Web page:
“A worthy addition to the increasingly long list of good Australian supernatural movies.”
Backtrack is an Australian film from the screenwriter and director Michael Petroni, who created (amongst other things) the short-lived and underrated US TV series Miracles. The film stars former antichrist Sam Neill as the mentor to Oscar-winning piano player and giant ape combatant Adrien Brody’s psychiatrist who’s recently experienced a tragedy and who starts to believe he is seeing ghosts, some of whom seem desperate to tell him something…. Following their pointing ghostly fingers forces Brody to examine his immediate and longer-term past, and to uncover and face up to secrets that some people would rather have left buried before he can come to a accommodation with the spirits that haunt him. It’s a pity that any basic description of Backtrack’s plot reads like a tired mash-up of many previous ghost movies, because while it’s clear that the film does have antecedents (with movies like The Woman in White and The Sixth Sense being obvious reference points), to dismiss it would be to miss something rather fun and interesting.
One of the main things that Backtrack has going for it is Brody, who’s excellent and whose eyebrows alone are capable of expressing unhappiness and confusion quite wonderfully. He’s the film’s central pillar, around which everything else hangs and it’s probably true to say that in a lesser actor’s hands Backtrack would struggle to rise above the weight of the basic plot. Brody, however, brings a lightness to what could have been a dreary, difficult role, and the film is all the better for it. Another key strength is the always-excellent Neill, here playing as urbanity personified, and while underused, he brings a nice twinkle-eyed gravitas to his role that lifts his scenes and makes you wish he’d been in it for longer. The rest of the cast, although not given much screen time or any particular depth of characterisation to use, handle themselves well and are more than capable of keeping up with Brody and Neill, with the performances being natural and realistic.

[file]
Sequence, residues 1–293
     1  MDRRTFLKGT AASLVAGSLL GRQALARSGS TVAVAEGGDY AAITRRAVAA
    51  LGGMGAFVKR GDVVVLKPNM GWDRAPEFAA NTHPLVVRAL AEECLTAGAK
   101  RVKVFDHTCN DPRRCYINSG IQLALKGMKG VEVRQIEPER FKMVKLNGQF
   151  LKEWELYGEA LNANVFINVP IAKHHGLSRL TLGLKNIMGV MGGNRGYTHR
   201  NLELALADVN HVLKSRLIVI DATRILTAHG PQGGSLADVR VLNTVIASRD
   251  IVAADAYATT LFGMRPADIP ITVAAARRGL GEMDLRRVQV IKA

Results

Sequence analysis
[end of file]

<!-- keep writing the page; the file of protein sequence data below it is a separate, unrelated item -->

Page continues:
The ghostly apparitions seen here appear natural too, helped by CGI work that is never overplayed, but used to compliment the actors and scenes rather than submerge them, and for the most part they are both subtle and creepy, with one scene on a train station platform in particular causing genuine shivers. If there is an unfortunate slight over-reliance on jump-scares, it is kept mostly in check and the atmosphere of mounting dread and mystery that Petroni is clearly striving for survives and eventually comes through mostly unscathed, and sports one or two moments of real emotional power and punch. Backtrack also does a good job of tying most of its various plot points together so that its internal logic that pretty much holds, and it’s clear that some thought and care has gone into achieving this.
Ultimately, Backtrack may not be the most original film you’ll ever see but, terrible title that belongs to another film notwithstanding, it’s a worthy addition to the increasingly long list of good Australian supernatural movies, and as such it’s well worth your time.
SIMON KURT UNSWORTH
Director: Michael Petroni
Starring: Adrien Brody, Sam Neill
Release date: 2015.
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